Preventing Shoring Wall Failures on Your Construction Site
Shoring walls are temporary retaining structures that prevent soil movement and cave-ins during a construction site excavation. These systems are used to minimize the excavation area, to keep the sides of deep excavations stable, and to ensure that movements will not cause damage to existing adjacent structures or to utilities in the surrounding ground.
Common Construction Shoring Methods
Excavation depths, especially those exceeding 20 feet, require specialized planning for support. The design and construction of shoring systems can be complex due to the composition of the soil, ground water, weather conditions, vibrations, and lateral loads from nearby buildings and loadings from construction equipment. The most popular construction shoring methods in urban environments, where space can be extremely limited, allow for the excavation perimeter to be cut vertical or near vertical.
Excavation support systems most frequently use tiebacks or soil nails to withstand the lateral earth pressures. In many soil conditions, tied-back sheeting systems (tiebacks, soldier piles and wood lagging) are the most economical systems for temporary support of excavations. A typical construction sequence begins with the installation of soldier piles; then the site is excavated to a depth of five-to-seven feet. Wood lagging is installed to keep the soil between the soldier beams and the tiebacks are installed to support the lateral earth pressures. This sequence is repeated until subgrade is reached. This top-down sequence provides continuous support of the cut and minimizes the disturbance behind the wall, especially where existing conditions and structures greatly limit access.
When space is really tight between new excavation and existing structures, soil nailing can be the least disruptive way to construct a shoring wall, as long as adjacent structures or utilities do not interfere with the nailing. This technique reinforces the soil while it is excavated from the top down. An array of soil “nails” (normally steel reinforcing bars) is installed in a grid that creates a stable mass of soil. This mass of reinforced soil functions to retain the less stable material behind it. A typical construction sequence begins with the excavation of a shallow cut. Then shotcrete is applied to the face of the cut and soil nails are drilled and grouted. Like tiebacks and soldier piles, this sequence is then repeated until subgrade is reached. Although soil nailing requires tedious handwork, craftsmanship and geotechnical expertise, in the right conditions, soil nailing is a rapid and economical means of constructing an excavation support system.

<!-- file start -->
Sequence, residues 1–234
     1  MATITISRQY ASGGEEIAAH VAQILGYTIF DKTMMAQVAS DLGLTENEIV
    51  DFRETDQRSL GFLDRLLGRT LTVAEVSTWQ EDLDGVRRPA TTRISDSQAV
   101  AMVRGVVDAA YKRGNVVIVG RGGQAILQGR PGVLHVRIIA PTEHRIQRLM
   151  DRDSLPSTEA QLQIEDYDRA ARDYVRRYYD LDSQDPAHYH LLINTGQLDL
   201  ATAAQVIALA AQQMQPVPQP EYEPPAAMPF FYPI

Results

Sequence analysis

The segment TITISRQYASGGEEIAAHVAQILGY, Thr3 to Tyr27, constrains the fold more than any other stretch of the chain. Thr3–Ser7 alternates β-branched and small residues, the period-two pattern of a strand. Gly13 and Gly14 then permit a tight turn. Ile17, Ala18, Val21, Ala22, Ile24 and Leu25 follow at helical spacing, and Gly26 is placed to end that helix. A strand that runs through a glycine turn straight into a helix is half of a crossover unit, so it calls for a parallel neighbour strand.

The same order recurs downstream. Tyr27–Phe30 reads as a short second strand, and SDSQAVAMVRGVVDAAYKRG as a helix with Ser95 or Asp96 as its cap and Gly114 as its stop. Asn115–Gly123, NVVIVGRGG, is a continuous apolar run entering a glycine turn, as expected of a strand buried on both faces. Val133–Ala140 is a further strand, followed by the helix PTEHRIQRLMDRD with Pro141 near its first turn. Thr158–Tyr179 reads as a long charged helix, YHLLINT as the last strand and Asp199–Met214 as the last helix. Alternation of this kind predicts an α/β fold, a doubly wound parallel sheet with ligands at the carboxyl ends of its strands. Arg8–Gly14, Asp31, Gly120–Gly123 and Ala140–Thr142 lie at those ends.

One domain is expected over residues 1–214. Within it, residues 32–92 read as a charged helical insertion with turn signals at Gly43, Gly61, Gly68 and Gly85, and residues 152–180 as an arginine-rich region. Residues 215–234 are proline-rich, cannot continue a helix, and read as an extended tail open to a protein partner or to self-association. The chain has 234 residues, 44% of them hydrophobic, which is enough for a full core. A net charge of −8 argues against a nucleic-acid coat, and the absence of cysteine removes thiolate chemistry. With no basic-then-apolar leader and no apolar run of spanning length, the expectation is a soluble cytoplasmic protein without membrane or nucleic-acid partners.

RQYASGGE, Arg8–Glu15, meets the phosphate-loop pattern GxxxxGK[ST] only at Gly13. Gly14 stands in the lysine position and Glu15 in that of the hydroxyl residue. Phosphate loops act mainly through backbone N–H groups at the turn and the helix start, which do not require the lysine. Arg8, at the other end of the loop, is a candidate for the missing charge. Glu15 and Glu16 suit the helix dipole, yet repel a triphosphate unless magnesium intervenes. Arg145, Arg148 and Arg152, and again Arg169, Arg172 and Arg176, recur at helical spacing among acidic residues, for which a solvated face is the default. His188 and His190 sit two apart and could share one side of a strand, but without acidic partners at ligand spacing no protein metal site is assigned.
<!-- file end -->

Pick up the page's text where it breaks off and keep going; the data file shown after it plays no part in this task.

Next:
Shoring Wall Failures
Regardless of the shoring method that is chosen during the design phase, extreme caution must be used during any shoring construction and safety is of utmost importance. Beyond the lost material and time costs of having to replace a failed shoring structure, trench related fatalities more than doubled between 2015 and 2016 according to U.S. Department of Labor’s Occupational Safety and Health Administration (OSHA).
Shoring wall systems typically fail due to improper wall construction and/or a geotechnical failure. It is important that the excavation crew is utilizing the right shoring technique for the conditions, and takes the time to ensure that shoring is constructed in the proper sequence. Making a 20-foot cut before beginning a shoring process could create a very dangerous situation. Incrementally excavating the right amount will prevent an unbalanced soil load. Quality Assurance observations by the geotechnical engineer, or a third-party consulting firm, should be considered during construction to verify and document shoring construction in accordance with the design intent.
Geotechnical reports provide the design engineer and contractor with critical and vital information to effectively design the structural foundation systems. Adhering to the geotechnical report is also key to choosing the right shoring technique. The soil profile will determine the amount of excavation prior to constructing the wall—making sure that the sequencing is performed properly and safely.
In addition to improper construction and soil issues, unexpected subsurface or groundwater can be the catalyst for shoring failures. Sources include surface infiltration, water table fluctuation and layers of permeable soils. Ground water movement must be prevented from coming in contact with the wall structure, including the soils behind the wall. Minor water intrusion can often be addressed through temporary grading (sloped away from the shoring and excavation); more pervasive water issues may require weep holes at the bottom of the walls, or PVC drain pipes and sump systems behind the walls to discharge water and relieve the hydrostatic pressures.
Regardless of the source of a shoring wall failure, implementing rigorous quality assurance guidelines that address key issues prior to construction can mitigate a potentially dangerous situation.
What Pie Can Do for You
At Pie, whether it’s consulting on a shoring wall system for new construction or a forensic analysis of shoring failure on an existing structure, Pie’s claims consultants and forensic experts have decades of experience in construction management, project oversight and damage assessment. Contact us today for more information.
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